Easy Treatments for Sarcoptic Mange in Rabbits

Updated February 12, 2018

Sarcoptic mange, also known as scabies or fur mites, is a relatively common problem in house rabbits. Starting as raw itchy patches around the nose and front of the face, rabbits may be seen scratching until their skin is raw, sometimes causing secondary bacterial infections. Bald patches and dandruff may also be symptoms of infestation. Scotch tape samples, scraping or biopsy at your veterinarian can confirm a suspected case of sarcoptic mange so that an easy treatment plan is initiated immediately.


Revolution is one of the two most popular main treatments for sarcoptic mange in rabbits. The rabbit is given .1cc of kitten strength Revolution per kilogram of body weight between the shoulder blades. Revolution is given topically and is not an injectible or oral medication. The dose is normally repeated once per month for three months. Some vets recommend a low preventive dose for rabbits who seem to be particularly prone to mites.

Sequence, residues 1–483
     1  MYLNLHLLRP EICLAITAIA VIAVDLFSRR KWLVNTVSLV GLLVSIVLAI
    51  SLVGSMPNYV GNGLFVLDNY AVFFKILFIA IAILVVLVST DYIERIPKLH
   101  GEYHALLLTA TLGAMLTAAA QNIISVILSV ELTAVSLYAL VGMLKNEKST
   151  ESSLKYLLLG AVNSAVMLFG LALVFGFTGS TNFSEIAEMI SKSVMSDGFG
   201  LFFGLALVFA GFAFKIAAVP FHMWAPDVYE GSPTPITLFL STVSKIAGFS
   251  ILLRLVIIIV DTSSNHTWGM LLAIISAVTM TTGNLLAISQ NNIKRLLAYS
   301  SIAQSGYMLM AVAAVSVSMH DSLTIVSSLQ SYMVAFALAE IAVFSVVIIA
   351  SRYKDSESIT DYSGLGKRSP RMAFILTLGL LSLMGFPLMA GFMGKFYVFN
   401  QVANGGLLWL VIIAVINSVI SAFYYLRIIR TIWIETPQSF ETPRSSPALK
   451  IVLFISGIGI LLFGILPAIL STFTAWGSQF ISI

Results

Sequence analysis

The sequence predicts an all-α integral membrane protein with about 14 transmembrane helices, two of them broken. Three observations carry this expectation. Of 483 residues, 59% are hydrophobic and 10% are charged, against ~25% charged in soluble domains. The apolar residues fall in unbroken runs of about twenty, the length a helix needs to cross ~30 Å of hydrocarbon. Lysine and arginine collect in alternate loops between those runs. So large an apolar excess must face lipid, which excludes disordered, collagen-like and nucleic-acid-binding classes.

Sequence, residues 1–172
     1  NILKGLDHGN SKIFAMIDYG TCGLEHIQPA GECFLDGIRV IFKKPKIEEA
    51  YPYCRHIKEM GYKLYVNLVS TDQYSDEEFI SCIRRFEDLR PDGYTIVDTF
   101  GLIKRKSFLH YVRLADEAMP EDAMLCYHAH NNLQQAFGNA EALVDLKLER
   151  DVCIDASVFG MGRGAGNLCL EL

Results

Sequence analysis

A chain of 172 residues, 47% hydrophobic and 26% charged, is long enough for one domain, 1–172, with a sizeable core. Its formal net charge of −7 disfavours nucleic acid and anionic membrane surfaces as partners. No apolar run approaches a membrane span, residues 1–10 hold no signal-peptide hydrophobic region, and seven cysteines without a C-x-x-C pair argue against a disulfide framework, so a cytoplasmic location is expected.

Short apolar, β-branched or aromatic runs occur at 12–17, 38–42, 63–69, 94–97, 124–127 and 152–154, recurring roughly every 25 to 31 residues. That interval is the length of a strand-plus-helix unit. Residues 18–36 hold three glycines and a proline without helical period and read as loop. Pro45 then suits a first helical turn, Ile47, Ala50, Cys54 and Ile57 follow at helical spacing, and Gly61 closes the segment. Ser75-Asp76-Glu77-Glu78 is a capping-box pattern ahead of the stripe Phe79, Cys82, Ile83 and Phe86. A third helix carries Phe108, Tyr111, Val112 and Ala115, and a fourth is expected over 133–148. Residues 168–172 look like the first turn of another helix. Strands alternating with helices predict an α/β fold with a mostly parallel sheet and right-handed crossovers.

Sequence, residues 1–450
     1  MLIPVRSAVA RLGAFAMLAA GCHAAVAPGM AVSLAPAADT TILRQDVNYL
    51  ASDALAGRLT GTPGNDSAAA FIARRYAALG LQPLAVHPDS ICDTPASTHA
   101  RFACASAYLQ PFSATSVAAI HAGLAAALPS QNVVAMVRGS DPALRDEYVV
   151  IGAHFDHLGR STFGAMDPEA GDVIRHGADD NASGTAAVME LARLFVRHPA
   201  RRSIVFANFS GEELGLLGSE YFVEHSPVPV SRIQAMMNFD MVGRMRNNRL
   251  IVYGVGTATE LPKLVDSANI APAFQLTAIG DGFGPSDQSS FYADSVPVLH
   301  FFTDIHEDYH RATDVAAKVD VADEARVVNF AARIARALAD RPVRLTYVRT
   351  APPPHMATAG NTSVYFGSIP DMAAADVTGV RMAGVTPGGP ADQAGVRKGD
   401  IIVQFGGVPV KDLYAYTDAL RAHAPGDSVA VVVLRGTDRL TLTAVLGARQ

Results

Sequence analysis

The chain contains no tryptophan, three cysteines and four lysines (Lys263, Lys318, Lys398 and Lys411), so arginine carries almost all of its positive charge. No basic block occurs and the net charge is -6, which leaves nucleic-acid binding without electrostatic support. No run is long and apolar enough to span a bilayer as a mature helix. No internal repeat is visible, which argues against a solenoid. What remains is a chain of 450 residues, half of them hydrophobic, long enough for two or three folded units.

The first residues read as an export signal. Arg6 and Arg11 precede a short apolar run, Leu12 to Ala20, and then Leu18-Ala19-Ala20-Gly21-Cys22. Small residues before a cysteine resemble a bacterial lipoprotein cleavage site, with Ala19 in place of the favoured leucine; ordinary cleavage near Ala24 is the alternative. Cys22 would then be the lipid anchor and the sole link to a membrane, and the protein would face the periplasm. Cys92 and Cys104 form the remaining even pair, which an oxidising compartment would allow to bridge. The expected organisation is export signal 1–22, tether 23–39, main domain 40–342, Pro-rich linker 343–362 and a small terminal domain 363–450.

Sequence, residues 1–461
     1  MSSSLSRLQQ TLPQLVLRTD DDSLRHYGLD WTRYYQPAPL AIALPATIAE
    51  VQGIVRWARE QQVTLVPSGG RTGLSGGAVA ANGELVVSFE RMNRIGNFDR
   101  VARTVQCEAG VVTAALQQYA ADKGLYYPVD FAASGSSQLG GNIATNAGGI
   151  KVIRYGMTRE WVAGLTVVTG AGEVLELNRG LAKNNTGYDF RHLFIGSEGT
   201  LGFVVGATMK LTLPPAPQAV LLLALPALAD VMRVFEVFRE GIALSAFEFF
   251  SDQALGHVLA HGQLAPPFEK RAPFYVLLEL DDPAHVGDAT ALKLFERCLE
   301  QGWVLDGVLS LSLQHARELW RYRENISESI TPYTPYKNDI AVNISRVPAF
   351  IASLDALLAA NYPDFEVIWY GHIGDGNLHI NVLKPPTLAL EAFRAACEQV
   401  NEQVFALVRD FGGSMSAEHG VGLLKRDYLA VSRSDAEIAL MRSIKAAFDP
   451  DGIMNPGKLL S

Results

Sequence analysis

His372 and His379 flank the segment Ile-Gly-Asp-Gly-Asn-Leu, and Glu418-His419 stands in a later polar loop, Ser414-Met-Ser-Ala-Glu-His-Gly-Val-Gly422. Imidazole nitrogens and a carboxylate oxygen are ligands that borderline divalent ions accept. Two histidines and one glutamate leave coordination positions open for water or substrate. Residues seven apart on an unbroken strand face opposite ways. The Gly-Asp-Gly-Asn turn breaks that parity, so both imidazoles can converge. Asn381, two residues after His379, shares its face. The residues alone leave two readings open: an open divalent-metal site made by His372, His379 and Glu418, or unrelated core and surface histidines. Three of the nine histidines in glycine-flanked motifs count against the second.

Ivermectin is the other main treatment used in response to sarcoptic mange in rabbits. Three injections are given at your veterinarian's office 14 days apart. Ivermectin is not effective when administered topically or orally.

Benzyl Benzoate

Benzyl benzoate is used alongside ivermectin treatment as a topical antiparasitic insecticide. Applied every fifth day to wounds from sarcoptic mange, it kills any mites present, helping infestation to clear and wounds to heal faster.

Environmental Treatment

Environmental treatment of sarcoptic mange is also necessary in order to prevent re-infestation. Rabbit living quarters should be disinfected thoroughly and all carpet and upholstery should be treated with a boric acid solution intended for killing mites and fleas. Cleaning should be repeated with each subsequent dose of Revolution or ivermectin.

bibliography-icon icon for annotation tool Cite this Article

About the Author

Anne Kinsey is a writer, business woman, minister and coach who is passionate about inspiring others to walk out their career dreams and believe in possibilities. She resides in rural North Carolina with her husband and three children, where they enjoy the great outdoors and serve at-risk youth together.